New Paper: Alternatives to Youth Incarceration in Chicago
“WE’RE IN IT FOR THE LONG HAUL:”
ALTERNATIVES TO INCARCERATION FOR YOUTH IN CONFLICT WITH THE LAW
There is an urgent need to find constructive ways to respond to young people in conflict with the law. Research compellingly demonstrates that youth placed in juvenile detention centers compared to alternative interventions are much more likely to later spend significant time in prison (Aizer and Doyle, 2013). Juvenile and adult incarceration both create exorbitant financial and social costs (Petteruti, Velázquez, and Walsh, 2009). Incarceration of juveniles is harmful to young peoples’ development, education, families, communities, and their current and future socioeconomic status (Majd, 2011; Bickel, 2010). Furthermore, incarcerating youth is not effective at enhancing public safety (Butts & Evans, 2011; Petteruti, Velázquez, & Walsh, 2009).
In Chicago, a group of individuals and organizations are working to address the needs of young people who others have mostly given up on. Behind the headlines of gang violence, shootings, and despair, there is an untold and unheralded story of perseverance, tenacity, and hope in communities across the city. Every single day, there are individuals representing various community-based organizations in Chicago who are called to meet the needs of youth in conflict with the law. They do so with shockingly few resources, mostly out of the public eye, and always with a determination that all young people deserve love and support.
In the United States, over 2.2 million people are incarcerated in prisons and jails. To some, the country has become a “Prison Nation.” Young people have not escaped the historical trend of increasing criminalization. As a way to decrease the numbers of people behind bars, states have turned to alternatives to incarceration.
Today, Project NIA is pleased to release a paper written by Michelle VanNatta and Mariame Kaba which specifically addresses five programs in Chicago that provide alternatives to incarceration for young people charged with or convicted of crimes. Included in this exploration are issues of cost, effectiveness, capacity, and the needs of youth and organizations moving forward.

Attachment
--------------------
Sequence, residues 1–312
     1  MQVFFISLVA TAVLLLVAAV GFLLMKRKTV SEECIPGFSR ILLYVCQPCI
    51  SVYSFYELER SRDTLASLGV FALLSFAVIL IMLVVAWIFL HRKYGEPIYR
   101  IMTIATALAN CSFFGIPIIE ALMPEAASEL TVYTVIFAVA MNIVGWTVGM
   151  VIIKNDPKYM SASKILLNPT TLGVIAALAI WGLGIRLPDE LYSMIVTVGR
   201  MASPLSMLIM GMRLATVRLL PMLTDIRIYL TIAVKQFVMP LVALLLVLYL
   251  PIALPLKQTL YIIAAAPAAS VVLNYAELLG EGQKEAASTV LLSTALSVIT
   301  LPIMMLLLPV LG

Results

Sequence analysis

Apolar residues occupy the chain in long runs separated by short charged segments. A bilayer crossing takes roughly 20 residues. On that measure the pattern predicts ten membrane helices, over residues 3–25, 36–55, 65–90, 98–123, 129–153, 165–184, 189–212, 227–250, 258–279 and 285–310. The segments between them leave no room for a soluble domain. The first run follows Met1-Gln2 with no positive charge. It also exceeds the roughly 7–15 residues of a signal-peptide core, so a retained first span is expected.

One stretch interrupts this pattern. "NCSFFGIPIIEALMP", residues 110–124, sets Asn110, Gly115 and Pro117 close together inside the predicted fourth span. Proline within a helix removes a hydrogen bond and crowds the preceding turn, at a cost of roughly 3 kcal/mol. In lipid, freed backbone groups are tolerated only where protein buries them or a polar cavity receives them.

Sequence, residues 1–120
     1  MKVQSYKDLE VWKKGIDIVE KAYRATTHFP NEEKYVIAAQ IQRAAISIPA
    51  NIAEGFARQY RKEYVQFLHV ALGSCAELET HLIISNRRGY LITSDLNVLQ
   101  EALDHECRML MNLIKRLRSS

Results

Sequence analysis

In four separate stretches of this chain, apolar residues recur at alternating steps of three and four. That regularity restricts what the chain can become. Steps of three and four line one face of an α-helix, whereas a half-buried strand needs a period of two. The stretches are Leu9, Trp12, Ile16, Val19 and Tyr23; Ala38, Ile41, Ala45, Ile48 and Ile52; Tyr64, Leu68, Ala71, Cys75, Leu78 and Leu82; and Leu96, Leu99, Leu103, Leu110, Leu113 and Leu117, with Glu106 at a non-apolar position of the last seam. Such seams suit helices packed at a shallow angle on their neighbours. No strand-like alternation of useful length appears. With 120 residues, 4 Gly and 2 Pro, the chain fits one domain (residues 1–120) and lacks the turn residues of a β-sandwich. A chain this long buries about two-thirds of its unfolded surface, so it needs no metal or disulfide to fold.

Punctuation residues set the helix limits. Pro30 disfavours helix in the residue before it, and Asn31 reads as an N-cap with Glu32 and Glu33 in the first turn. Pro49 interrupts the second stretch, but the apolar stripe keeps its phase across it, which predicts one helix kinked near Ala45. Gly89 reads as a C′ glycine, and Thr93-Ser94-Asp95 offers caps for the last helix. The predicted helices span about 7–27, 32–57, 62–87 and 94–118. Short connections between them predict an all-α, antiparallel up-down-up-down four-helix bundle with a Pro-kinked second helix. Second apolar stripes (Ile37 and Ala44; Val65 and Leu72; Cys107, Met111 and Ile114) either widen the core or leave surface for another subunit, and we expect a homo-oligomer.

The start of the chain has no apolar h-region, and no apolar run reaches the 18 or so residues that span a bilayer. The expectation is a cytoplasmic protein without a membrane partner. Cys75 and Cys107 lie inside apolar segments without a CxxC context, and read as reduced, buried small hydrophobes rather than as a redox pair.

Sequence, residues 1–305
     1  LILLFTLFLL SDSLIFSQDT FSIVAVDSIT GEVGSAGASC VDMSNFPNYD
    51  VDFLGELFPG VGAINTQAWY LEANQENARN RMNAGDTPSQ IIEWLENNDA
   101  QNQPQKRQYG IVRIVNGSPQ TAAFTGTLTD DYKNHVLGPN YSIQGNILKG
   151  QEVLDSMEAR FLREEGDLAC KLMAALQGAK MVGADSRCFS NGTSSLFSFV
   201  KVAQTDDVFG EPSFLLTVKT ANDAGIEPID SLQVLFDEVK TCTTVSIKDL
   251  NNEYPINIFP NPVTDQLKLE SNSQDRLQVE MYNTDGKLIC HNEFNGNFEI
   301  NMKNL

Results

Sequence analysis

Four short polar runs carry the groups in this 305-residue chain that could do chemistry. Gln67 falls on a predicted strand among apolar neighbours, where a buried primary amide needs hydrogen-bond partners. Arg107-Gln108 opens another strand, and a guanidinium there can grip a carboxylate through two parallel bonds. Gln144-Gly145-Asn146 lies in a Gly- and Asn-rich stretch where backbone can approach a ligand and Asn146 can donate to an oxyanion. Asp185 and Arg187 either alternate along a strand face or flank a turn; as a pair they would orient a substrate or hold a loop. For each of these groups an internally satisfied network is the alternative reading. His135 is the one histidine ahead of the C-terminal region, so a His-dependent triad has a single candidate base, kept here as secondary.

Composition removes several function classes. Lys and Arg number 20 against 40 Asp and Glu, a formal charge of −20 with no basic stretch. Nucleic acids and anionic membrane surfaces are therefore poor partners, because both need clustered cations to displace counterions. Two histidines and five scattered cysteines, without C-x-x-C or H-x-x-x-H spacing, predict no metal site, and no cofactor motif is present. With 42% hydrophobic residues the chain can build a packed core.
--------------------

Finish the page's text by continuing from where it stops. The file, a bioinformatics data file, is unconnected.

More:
At their core, the interventions and programs that are highlighted in this paper privilege relationship-building above everything else. This will not be satisfying for those who seek a quick-fix to address the needs of youth in conflict with the law. The organizations and programs featured define success based on whether they have been able to connect young people with a person who will walk with them through a perilous road littered with pitfalls and danger.
These aren’t programs that operate from 9 to 5 p.m. on Mondays through Fridays. The staff don’t necessarily hold advanced degrees and most are paid at near minimum wage rates. When asked about their program budgets, most directors smile while suggesting that they made due with very limited funds. Most of the programs are housed in and/or run by faith-based institutions like churches.
In the end, we hope that those who read the paper will come away with a better understanding of the challenges and the promise of current “alternative to incarceration” programs in Chicago. As the value of these programs becomes clear, we also hope that funders and community members will direct more resources to them.
The paper can be downloaded HERE (PDF).
Special thanks to Matt DeMateo, Father Dave Kelly, Heidi Mueller, Cliff Nellis, Ethan Ucker for taking the time to talk with us about their work. Thanks also to our friend Caitlin Seidler for donating her time to design the paper.
Please direct any questions or comments about this paper to Michelle VanNatta and Mariame Kaba at firstname.lastname@example.org.
Also, Join us on September 26th for an event that addresses the issues raised in this paper. Space is very limited. We will not be accepting any walk-ins. You must pre-register. Information is HERE.
Finally, a few months ago, Leah Varjacques created a video story featuring two of the programs featured in the paper: Circles & Ciphers and Precious Blood Ministry of Reconciliation.